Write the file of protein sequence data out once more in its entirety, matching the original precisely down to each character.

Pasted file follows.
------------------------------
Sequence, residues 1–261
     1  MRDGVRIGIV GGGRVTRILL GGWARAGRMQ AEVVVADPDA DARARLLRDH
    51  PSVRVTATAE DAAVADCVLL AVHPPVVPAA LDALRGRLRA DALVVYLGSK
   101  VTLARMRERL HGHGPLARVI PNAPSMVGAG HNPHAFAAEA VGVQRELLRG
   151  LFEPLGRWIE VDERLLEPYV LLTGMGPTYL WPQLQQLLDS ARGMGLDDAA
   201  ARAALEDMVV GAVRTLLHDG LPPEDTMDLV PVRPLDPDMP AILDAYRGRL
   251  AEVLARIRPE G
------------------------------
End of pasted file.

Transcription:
Sequence, residues 1–261
     1  MRDGVRIGIV GGGRVTRILL GGWARAGRMQ AEVVVADPDA DARARLLRDH
    51  PSVRVTATAE DAAVADCVLL AVHPPVVPAA LDALRGRLRA DALVVYLGSK
   101  VTLARMRERL HGHGPLARVI PNAPSMVGAG HNPHAFAAEA VGVQRELLRG
   151  LFEPLGRWIE VDERLLEPYV LLTGMGPTYL WPQLQQLLDS ARGMGLDDAA
   201  ARAALEDMVV GAVRTLLHDG LPPEDTMDLV PVRPLDPDMP AILDAYRGRL
   251  AEVLARIRPE G